UCSD Students Increasingly Turning to ‘Sugar Daddies'

One SDSU student says her Sugar Daddy is practically paying for her entire tuition

With the high cost of college, now more than ever, college students are turning to a controversial website for help with tuition.

Seekingarrangement.com counts many San Diego women as members who sign up to find a "Sugar Daddy" to pay for their education.

UCSD was named one of the fastest growing schools for "sugar babies." According to the website, within the last year, the number of female members attending UCSD has jumped 338 percent. The college is ranked 69th out of 75 schools.

These are mostly women looking for a free ride through college, and many men are willing to pay. Lauren, a 22-year-old student at San Diego State University is currently using the site. She didn’t want to be identified, but said she’s practically getting a full-rid, courtesty of her Sugar Daddy.

Her so-called Sugar Daddy lives halfway around the world and pays her $3,000 a month.

“He's a 63-year-old man who owns his own business,” Lauren said. “He owns a soccer team out in West Africa.”

They met online a year and a half ago via seekingarrangement.com. The website is a social network dedicated to connecting people who want a relationship where compensation is key. Both Sugar Daddies and Sugar Babies create profiles. The Sugar Daddies include how much they make per year, plus a budget for his Sugar Baby.

“I paid my car off. Most of my school loans I paid. Child care is paid. Anything. Bills. All of it is taken care of,” Lauren said.

Brandon Wade is the founder and CEO of the website. He says these arrangements are not prostitution.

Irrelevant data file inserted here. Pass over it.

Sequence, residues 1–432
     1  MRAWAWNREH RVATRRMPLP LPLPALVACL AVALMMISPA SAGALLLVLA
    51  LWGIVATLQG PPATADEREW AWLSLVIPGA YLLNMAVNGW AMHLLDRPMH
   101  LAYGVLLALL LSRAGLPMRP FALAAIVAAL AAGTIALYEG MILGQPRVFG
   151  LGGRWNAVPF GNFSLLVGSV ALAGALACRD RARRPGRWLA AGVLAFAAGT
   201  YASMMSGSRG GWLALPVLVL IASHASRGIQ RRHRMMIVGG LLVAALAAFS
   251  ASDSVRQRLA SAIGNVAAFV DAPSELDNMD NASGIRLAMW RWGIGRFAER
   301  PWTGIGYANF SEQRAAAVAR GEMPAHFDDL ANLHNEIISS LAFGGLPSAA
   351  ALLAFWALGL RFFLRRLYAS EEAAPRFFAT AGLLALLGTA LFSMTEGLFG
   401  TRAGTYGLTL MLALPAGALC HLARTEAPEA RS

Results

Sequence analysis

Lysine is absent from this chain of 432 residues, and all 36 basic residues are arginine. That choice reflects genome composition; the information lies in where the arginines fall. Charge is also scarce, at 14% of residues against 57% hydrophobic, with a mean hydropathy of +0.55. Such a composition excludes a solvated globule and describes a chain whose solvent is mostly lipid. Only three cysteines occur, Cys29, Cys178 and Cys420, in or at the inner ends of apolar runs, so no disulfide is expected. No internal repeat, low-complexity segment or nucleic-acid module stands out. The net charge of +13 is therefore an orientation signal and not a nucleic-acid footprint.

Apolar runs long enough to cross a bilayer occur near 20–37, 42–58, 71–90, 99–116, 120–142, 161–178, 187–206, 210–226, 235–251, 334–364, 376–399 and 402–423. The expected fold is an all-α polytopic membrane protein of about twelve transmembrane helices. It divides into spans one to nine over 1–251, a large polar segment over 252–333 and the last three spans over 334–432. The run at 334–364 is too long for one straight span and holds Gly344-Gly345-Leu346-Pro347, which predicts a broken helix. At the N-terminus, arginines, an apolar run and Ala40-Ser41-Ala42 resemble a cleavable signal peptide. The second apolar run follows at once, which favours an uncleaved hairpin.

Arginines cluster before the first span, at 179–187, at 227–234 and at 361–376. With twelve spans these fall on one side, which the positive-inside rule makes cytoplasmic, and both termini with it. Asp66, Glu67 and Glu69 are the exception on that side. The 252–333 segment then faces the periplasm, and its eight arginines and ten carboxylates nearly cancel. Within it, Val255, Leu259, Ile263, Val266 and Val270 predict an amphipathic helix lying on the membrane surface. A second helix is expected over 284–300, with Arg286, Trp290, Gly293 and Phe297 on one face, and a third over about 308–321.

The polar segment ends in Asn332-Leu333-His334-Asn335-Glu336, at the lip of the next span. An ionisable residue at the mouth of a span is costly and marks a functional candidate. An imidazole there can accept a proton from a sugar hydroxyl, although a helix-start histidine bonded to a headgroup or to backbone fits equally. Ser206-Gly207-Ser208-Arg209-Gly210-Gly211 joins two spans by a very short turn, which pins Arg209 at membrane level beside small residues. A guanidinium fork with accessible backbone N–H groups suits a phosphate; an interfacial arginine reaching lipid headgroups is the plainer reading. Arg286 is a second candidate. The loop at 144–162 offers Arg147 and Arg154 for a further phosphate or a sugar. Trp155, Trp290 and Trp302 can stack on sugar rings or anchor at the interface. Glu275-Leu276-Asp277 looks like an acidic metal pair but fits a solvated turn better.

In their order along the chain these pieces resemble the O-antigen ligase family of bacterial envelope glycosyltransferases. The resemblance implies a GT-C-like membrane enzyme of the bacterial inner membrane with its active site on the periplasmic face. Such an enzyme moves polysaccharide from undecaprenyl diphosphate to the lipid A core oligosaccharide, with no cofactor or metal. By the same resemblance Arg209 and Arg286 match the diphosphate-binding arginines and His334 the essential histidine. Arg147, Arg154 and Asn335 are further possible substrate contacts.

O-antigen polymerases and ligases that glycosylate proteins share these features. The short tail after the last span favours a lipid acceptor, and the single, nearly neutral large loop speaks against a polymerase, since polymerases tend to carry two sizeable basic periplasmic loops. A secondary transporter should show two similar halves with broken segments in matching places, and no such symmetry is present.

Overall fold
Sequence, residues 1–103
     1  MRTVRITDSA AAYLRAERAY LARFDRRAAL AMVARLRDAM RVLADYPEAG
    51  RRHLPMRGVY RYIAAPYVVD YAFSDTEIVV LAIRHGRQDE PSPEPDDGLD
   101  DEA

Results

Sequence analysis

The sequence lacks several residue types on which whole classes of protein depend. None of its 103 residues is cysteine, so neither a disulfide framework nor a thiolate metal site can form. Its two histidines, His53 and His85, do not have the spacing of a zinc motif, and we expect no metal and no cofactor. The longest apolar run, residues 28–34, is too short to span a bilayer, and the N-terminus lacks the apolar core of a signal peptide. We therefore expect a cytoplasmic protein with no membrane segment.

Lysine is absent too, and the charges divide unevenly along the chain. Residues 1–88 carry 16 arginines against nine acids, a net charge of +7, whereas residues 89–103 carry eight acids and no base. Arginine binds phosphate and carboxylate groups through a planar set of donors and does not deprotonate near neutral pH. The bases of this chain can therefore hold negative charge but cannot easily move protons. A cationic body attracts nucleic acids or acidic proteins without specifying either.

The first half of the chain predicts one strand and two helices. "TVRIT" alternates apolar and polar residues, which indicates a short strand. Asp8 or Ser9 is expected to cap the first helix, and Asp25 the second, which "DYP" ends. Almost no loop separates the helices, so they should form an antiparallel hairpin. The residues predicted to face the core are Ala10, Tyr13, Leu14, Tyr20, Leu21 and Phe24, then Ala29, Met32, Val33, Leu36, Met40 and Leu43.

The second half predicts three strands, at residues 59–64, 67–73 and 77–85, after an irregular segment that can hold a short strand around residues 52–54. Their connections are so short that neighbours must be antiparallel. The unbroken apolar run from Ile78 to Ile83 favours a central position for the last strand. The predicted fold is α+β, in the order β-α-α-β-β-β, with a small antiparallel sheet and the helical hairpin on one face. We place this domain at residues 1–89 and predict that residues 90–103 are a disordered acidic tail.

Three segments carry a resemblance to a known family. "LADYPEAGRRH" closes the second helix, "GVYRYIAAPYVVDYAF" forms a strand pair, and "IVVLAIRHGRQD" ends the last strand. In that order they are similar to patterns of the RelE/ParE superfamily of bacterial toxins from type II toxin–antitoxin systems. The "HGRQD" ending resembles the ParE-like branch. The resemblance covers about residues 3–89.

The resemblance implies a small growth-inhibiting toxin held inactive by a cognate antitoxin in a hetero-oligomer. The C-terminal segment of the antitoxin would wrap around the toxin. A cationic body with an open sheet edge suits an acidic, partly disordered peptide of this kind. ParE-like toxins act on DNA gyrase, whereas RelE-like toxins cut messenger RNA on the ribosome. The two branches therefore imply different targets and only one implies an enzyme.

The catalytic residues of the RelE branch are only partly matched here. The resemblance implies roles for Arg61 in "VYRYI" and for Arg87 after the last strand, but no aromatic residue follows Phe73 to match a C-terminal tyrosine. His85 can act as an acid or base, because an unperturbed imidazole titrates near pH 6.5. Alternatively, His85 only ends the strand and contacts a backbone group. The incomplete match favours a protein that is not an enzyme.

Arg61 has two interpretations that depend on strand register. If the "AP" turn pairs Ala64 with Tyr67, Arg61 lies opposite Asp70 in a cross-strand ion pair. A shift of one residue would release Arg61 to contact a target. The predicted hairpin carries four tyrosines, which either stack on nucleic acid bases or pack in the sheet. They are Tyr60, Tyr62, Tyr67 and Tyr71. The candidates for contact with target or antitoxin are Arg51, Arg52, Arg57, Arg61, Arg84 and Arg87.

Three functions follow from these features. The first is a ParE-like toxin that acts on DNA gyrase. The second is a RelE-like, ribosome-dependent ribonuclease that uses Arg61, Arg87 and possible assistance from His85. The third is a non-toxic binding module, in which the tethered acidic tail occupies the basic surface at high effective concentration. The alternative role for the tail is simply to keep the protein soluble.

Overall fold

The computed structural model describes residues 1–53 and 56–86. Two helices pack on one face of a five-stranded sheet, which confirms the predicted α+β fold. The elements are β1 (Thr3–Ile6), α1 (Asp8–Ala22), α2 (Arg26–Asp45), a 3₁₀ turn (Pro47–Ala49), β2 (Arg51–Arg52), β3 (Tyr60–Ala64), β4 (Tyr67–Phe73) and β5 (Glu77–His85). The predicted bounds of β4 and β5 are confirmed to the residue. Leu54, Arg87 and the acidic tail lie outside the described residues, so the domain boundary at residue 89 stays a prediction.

“There's really nothing wrong with spending money to pamper someone or even helping them out,” he said. “This is purely a romantic relationship. We do not allow escorts or prostitutes to use the website. Exchange of money for sex is prostitution and that's not legal.”

Lauren says she hasn't slept with her Sugar Daddy even though they've met several times on vacations. She says he has no family to share his wealth with, so instead, Lauren says he gives it to her as a mentor.

“He doesn't make me feel like I need to repay him in sexual favors,” she said.

Lauren said she plans on moving for dental school in the fall and wants a better future for her 3-year-old son. She works two jobs while getting her monthly Sugar Daddy payment.

“I feel like maybe other single mothers in my case would judge me because of what I'm doing,” she said. “But I'm doing what I need to do to support myself and my son.”

But even Lauren admits: the perks don't hurt either.

“We go shopping all the time. Walk in the store, anything you want you got it,” she said.

And she prefers her lifestyle over that of her peers at SDSU.

“I know that I'm getting mine, while they're still eating cup o' noodles,” she said.

UCSD did not respond to a request for a comment. SDSU had no comment.

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